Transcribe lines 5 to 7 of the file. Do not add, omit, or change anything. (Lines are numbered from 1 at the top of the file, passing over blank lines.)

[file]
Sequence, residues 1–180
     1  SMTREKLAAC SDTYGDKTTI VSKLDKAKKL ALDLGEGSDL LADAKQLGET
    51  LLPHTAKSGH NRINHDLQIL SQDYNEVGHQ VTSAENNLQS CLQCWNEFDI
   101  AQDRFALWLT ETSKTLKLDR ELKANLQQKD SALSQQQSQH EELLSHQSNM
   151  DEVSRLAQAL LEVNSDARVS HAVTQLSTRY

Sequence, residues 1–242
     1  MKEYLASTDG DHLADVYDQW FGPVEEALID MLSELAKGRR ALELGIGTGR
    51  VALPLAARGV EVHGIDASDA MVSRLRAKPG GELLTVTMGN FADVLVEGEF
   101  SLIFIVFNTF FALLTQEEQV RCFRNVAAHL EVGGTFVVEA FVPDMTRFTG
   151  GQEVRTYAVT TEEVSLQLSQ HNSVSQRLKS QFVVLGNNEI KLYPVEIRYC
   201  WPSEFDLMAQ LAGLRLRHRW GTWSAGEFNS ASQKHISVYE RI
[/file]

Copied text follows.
   151  DEVSRLAQAL LEVNSDARVS HAVTQLSTRY

Sequence, residues 1–242
     1  MKEYLASTDG DHLADVYDQW FGPVEEALID MLSELAKGRR ALELGIGTGR